There’s a lot of action this issue, but it’s all Barracuda doing it. Meanwhile Frank is getting information about why a dirty cop risked it all to take out Wall Street guy Stephens. Frank and Stephens have breakfast in a diner. The diner’s called “Frank’s Favorite Diner.” Not sure if that one is an Ennis touch or a Parlov touch, but it’s sure a welcome bit of humorous detail.
Parlov draws the hell out everything in the issue—Barracuda versus snake, Frank and Stephens’ talking heads, catching up with the Wall Street wolves (particularly number two man Dermot as he lets himself get seduced by the boss’s wife), Barracuda versus bangers, Frank preparing for what’s next. It moves quickly, Ennis again playing with the whole idea of a bridging issue. The scenes with Frank and Stephens fill out the backstory—why Frank Castle is going to care about some energy company and their Wall Street schemes—while Dermot screwing around with boss’s wife Alice is setting the ground situation for what’s going to come. Very few people are more successful at plotting out a six issue arc than Garth Ennis. Especially when he’s got Parlov on the art.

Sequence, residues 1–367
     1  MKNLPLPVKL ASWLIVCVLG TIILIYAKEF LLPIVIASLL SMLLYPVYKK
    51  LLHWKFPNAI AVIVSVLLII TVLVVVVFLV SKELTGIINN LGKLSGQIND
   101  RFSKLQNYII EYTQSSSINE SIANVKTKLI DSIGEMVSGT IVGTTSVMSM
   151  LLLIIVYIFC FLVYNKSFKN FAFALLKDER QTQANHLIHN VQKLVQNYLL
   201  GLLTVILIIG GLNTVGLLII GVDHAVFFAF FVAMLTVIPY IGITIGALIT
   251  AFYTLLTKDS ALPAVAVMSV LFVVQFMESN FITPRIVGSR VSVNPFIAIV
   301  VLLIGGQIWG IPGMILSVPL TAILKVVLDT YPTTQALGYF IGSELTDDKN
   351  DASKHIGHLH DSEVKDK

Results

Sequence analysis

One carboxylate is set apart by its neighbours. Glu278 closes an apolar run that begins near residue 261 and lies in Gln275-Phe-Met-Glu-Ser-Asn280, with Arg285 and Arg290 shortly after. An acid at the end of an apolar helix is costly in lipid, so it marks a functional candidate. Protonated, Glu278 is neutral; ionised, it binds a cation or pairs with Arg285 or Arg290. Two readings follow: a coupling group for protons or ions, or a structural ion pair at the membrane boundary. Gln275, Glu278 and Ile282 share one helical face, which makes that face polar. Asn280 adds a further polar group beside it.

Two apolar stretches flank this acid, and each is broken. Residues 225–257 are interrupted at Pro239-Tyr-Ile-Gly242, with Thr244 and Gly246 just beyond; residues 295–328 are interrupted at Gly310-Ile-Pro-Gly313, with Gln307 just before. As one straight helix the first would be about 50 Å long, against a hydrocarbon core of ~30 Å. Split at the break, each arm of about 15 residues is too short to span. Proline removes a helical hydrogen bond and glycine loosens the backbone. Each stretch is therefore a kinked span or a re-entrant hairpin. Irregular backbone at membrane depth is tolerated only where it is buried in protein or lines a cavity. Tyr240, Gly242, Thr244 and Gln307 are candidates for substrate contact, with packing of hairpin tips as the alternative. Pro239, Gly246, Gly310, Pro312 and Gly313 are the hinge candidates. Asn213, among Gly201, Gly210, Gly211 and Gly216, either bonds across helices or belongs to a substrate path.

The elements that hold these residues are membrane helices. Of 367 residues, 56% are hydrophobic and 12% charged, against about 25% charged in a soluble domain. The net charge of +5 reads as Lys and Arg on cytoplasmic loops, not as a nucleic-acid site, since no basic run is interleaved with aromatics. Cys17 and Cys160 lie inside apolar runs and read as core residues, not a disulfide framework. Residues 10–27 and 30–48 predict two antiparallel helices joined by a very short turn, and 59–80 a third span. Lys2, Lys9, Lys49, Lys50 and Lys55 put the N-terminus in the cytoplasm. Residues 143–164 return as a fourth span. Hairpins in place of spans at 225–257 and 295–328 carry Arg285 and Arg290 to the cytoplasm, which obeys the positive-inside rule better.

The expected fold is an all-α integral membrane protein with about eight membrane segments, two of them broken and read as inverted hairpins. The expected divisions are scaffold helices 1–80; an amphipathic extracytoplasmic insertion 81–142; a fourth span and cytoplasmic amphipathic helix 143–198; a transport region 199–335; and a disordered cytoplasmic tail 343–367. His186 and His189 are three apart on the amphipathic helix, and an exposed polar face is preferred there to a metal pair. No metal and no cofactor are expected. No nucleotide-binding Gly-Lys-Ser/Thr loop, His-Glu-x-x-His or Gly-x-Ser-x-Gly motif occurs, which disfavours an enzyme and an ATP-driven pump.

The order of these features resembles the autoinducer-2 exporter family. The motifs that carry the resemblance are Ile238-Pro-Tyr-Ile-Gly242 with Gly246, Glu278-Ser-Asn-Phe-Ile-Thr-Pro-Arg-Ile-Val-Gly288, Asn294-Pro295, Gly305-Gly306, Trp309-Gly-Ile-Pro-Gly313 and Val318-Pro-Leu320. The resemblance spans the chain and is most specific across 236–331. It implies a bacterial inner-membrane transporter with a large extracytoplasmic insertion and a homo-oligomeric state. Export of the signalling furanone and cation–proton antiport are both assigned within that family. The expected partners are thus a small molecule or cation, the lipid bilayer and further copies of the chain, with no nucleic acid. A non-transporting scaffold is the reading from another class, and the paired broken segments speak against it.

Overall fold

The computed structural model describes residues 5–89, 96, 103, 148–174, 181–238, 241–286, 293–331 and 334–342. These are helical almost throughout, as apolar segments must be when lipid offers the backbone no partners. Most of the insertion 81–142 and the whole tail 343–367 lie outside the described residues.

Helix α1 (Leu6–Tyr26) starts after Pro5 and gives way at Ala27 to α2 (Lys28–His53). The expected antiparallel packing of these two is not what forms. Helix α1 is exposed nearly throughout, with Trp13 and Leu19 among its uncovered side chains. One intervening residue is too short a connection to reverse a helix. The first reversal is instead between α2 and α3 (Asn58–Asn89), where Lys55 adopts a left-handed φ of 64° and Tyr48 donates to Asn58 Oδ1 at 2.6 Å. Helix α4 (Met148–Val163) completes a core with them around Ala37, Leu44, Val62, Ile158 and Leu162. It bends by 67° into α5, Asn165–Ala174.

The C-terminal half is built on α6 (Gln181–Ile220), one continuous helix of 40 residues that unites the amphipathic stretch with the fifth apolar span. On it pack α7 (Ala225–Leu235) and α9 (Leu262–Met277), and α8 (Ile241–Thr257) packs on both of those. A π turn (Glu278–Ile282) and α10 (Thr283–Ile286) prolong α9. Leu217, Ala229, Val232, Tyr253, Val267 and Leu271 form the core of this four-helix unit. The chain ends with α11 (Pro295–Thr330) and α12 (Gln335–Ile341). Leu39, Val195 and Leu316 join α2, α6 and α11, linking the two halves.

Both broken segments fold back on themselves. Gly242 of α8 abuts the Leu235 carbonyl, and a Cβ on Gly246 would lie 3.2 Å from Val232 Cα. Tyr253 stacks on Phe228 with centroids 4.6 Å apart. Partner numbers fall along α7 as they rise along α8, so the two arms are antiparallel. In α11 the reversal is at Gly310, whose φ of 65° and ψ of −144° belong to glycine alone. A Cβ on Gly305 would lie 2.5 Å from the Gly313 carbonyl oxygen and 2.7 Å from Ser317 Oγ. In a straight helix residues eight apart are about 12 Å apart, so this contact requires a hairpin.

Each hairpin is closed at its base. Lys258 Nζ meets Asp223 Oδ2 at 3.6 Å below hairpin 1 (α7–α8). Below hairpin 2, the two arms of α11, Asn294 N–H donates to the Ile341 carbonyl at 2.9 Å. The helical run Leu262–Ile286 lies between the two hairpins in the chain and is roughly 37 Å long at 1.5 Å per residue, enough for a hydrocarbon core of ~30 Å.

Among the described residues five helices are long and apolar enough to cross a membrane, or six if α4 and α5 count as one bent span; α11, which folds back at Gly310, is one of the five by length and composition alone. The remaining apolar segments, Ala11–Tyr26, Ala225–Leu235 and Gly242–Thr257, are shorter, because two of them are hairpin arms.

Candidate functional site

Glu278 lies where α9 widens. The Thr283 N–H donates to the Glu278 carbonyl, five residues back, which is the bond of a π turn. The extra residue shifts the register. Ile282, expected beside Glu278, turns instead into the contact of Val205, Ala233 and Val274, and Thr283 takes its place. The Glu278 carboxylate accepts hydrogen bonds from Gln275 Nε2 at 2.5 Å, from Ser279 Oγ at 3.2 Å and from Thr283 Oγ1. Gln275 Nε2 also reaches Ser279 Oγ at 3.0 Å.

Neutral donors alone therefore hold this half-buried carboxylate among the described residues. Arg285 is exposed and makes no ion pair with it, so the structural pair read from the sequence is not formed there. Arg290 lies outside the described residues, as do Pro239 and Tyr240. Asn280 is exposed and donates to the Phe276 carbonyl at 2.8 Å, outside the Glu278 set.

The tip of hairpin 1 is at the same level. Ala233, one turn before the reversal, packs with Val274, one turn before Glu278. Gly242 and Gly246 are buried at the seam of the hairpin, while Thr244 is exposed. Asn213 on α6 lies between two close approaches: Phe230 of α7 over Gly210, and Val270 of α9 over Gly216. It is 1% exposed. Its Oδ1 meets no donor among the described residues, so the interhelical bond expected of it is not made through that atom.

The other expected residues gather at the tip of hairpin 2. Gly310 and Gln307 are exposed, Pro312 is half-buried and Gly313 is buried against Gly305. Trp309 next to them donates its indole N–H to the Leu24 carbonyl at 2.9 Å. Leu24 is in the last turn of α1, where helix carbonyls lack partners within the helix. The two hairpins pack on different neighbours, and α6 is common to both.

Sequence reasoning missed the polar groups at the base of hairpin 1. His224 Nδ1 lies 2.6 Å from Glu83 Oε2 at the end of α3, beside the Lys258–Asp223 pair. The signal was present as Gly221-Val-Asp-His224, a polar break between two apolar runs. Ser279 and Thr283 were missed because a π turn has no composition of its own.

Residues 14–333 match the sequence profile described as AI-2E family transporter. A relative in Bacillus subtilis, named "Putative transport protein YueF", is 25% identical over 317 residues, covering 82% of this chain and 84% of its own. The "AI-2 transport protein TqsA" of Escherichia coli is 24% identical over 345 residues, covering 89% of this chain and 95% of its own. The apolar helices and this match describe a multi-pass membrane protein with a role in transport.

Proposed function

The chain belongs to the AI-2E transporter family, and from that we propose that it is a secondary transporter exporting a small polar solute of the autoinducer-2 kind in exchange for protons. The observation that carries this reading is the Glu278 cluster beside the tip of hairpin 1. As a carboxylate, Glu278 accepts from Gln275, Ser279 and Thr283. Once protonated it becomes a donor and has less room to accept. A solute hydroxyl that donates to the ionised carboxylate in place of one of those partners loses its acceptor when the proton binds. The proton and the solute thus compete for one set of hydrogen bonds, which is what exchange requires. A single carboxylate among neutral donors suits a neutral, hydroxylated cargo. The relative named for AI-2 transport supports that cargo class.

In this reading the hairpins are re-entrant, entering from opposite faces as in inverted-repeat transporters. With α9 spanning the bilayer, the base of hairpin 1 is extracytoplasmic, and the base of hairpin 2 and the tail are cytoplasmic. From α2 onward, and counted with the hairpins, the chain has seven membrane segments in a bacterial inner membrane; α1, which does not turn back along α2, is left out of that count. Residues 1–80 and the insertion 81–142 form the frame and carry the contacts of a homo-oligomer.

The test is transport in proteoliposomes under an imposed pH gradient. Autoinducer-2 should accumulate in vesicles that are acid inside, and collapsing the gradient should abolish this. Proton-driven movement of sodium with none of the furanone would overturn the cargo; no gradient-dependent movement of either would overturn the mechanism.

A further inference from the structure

Meanwhile, Barracuda terrorizes the rest of the issue, giving even the most obnoxiously unsympathetic a sliver of humanity (because he’s so utterly lacking in it).
The finale has Frank prepping for the trip—he’s going to Florida to strong-arm the big boss. It’s an easy job (Frank tells us in the narration), so why bother driving and bringing guns with him, he’ll be able to just pick them up in Florida. Easy-peasy. Except it’s past tense narration and Frank knows he’s making mistakes; so we get what is de facto introspection from Frank. Including the gem about what promotes white collar criminals to his sights—deaths. It’s not a soft Frank Castle by any means, just a too cocky one. And a talkative one. Ennis’s character development for Frank in Barracuda comes in the narration more than anywhere else.
The issue ends on a rather ominous note, one panel after Parlov (and Ennis) get in a sight gag about Frank’s reading habits. Because even though we know the story’s not going to go smoothly—we’re in flashback from a shark slaughter, after all—at this point, we’re seeing a relaxed Frank Castle. We know he should be concerned with that approach, even if he doesn’t. And not just because his narration tells us to get worried. Because at this point, Frank doesn’t even know Barracuda exists; the reader’s just spent an entire issue being mortified by the guy.